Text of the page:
The Countdown to Zero Waste: April update

It’s time for new solutions to our country's waste problem. PIRG and Environment America’s advocates, organizers and members are promoting ways to reduce what we consume, reuse what we can and recycle the rest. Here's a roundup of stories from the past few months:

Yazan Aboushi | TPIN
PIRG staff and coalition partners announce the findings of a new plastic packaging survey at a press conference held in front of Whole Foods.

Survey reveals Whole Foods can do more to reduce single-use plastic packaging

On March 2, U.S. PIRG Education Fund and Environment America Research & Policy Center released a survey of the packaging options of Whole Foods’ “365” brand products. The report looked at 27 stores across the country to assess consumers’ options for avoiding plastic when shopping at Whole Foods. We found that despite the company’s efforts to reduce plastic use, fewer than 50% of the products surveyed were available in plastic-free packaging in the majority of Whole Foods stores.

“Whole Foods built its brand on a commitment to sustainability and environmentally responsible retail, and its customers shop there because they share that commitment and they expect the products on the shelves to reflect those values,” said Matt Casale, director of PIRG’s environment campaigns. “These customers want to reduce the amount of plastic in their lives. But the reality is that Whole Foods is often making it harder, rather than easier, for them to do that.”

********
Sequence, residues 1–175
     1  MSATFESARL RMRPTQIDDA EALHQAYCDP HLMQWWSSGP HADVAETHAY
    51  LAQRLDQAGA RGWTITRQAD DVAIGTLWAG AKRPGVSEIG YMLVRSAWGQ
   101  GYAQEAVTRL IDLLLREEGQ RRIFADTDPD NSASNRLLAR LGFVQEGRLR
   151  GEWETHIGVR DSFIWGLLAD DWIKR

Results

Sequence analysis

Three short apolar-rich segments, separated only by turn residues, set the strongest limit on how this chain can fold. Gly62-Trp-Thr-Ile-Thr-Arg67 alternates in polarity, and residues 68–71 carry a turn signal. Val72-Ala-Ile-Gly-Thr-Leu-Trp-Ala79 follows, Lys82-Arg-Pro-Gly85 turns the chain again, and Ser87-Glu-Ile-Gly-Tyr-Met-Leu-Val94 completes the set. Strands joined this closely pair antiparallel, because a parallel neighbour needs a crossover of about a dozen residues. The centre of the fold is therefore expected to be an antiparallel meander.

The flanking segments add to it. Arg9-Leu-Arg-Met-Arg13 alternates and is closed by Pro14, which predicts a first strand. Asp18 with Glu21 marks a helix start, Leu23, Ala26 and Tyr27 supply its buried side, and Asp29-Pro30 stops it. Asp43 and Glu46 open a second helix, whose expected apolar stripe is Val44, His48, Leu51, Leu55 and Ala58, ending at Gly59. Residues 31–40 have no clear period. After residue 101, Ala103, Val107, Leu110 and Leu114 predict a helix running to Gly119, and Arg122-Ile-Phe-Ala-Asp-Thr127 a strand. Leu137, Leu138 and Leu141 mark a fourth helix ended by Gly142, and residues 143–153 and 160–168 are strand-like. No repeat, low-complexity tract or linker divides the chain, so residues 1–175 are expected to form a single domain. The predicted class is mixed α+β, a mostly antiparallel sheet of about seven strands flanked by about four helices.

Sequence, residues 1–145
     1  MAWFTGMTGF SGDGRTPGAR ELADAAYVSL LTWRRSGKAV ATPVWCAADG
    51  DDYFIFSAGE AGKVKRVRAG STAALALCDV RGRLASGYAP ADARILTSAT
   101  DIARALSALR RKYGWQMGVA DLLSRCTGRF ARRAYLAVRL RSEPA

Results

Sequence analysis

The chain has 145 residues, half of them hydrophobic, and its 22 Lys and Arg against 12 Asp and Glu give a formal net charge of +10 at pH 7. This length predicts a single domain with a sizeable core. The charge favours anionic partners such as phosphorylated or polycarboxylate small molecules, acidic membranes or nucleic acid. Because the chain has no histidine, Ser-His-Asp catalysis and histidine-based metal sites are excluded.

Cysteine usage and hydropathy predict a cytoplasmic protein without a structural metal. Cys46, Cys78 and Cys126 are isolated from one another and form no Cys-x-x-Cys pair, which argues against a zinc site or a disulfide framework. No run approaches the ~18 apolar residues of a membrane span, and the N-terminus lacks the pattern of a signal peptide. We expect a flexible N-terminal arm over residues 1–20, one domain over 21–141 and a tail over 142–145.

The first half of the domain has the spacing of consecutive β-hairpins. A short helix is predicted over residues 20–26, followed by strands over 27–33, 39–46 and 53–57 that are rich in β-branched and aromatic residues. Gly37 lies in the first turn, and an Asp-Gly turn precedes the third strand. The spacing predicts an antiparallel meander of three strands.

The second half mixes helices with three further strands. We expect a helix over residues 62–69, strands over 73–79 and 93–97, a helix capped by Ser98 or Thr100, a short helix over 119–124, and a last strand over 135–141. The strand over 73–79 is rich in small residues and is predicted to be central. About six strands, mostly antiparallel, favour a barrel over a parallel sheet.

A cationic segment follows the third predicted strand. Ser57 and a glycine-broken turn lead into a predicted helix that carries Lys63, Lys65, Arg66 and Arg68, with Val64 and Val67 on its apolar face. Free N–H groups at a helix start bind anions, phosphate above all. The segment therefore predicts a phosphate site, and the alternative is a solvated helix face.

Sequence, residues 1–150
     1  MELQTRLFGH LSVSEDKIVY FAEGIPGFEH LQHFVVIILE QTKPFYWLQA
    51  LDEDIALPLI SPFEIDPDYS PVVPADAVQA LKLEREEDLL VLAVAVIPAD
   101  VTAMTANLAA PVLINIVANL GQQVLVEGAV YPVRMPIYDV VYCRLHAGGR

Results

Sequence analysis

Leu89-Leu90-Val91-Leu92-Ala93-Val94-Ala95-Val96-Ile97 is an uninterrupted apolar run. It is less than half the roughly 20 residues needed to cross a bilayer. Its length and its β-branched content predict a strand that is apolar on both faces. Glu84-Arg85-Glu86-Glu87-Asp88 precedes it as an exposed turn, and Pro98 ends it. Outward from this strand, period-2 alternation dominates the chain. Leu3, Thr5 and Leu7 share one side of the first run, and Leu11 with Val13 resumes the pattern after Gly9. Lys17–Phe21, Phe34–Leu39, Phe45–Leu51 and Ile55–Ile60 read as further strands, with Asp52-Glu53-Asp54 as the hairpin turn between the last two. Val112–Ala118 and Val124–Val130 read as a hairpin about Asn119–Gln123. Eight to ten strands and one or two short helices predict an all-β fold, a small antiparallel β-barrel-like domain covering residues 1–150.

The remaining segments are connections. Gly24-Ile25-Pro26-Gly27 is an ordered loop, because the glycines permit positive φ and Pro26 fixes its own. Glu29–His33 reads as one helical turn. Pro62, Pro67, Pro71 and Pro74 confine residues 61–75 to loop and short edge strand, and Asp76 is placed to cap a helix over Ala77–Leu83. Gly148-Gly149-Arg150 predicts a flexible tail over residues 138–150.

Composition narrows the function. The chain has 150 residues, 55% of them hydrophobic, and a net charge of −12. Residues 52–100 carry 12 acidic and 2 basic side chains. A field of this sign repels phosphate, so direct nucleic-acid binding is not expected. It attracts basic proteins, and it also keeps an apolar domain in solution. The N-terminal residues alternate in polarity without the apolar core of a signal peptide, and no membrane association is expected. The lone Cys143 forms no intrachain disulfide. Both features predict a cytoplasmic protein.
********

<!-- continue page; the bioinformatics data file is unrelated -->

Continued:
Environment America and U.S. PIRG are calling on Whole Foods to do more and do better to reflect its customers’ values and re-establish itself as a leader in environmentally responsible retail.

Polystyrene foam pollution on Oregon beach.
Charlie Plybon | Used by permission
Polystyrene foam pollutes an Oregon beach.

Oregon Senate passes bill to phase out polystyrene foam foodware with bipartisan vote

On April 3, the Oregon state Senate passed Senate Bill 543, which would phase out polystyrene foam foodware, packing peanuts and coolers, as well as PFAS from food packaging statewide, starting on Jan. 1, 2025.

Expanded polystyrene is a form of foamed plastic made from fossil fuels and commonly used for food containers and packaging. This disposable packaging is usually thrown away after a single use and breaks up easily into smaller pieces that are hard to clean up, disperse rapidly due to their lightweight nature, and can persist in the environment for centuries. Plastic foam is not accepted in curbside recycling and is one of the top items found polluting Oregon’s beaches.

“Nothing we use for just a few minutes should pollute the environment for hundreds of years,” said Celeste Meiffren-Swango, state director with Environment Oregon. “Thanks to Sen. Janeen Sollman’s leadership and the vision of lawmakers on both sides of the aisle, Oregon is one step closer to joining nine Oregon cities and eight other states that have taken action to reduce wasteful polystyrene foodware and other products. We look forward to seeing this bill continue to move through the legislature.”

The bill now heads to the Oregon House for consideration.

Single-use hotel soaps and shampoos packaged in plastic.

Plastics reduction bill passes Washington Legislature, heads to governor for signature

On April 10, the Washington state Senate, by a vote of 37-11, passed House Bill 1085 (HB 1085) to reduce plastic pollution.

The bill, backed by Environment Washington and sponsored by Rep. Sharlett Mena:

  • requires that new buildings constructed with water fountains also contain bottle filling stations;
  • phases out the use of small plastic containers, wrappers and packaging for personal care items like shampoo or soap by hotels and other lodging establishments;
  • bans soft film-wrapped floats and docks;
  • and mandates a study of hard-shell, foam-filled floats and docks.

The bill now heads to Gov. Jay Inslee to be signed into law. According to recent polling conducted by Oceana, 92% of Washington voters are concerned about single-use plastic products and 87% support local and state policies that reduce single-use plastic.